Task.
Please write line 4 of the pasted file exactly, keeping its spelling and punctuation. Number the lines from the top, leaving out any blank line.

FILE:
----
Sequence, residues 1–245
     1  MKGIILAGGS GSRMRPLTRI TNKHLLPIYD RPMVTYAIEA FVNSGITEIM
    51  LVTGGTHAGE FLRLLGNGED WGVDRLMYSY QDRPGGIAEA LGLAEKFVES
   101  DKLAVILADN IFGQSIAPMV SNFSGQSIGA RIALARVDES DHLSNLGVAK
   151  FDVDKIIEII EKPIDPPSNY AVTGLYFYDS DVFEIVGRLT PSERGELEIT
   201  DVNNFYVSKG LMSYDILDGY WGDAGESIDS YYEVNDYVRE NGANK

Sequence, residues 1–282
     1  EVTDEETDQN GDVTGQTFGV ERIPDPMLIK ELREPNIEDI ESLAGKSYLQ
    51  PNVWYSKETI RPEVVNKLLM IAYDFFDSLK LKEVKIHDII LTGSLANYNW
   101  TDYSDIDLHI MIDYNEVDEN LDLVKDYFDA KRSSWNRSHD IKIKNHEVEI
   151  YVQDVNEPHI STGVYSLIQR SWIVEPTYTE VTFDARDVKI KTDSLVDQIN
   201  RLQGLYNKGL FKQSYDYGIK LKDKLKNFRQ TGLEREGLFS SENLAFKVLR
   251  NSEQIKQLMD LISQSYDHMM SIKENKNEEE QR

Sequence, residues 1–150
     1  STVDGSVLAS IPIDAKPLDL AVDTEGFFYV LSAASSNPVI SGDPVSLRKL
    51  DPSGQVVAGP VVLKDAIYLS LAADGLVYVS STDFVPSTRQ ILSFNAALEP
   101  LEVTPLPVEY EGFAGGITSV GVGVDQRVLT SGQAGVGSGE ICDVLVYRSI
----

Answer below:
   101  DKLAVILADN IFGQSIAPMV SNFSGQSIGA RIALARVDES DHLSNLGVAK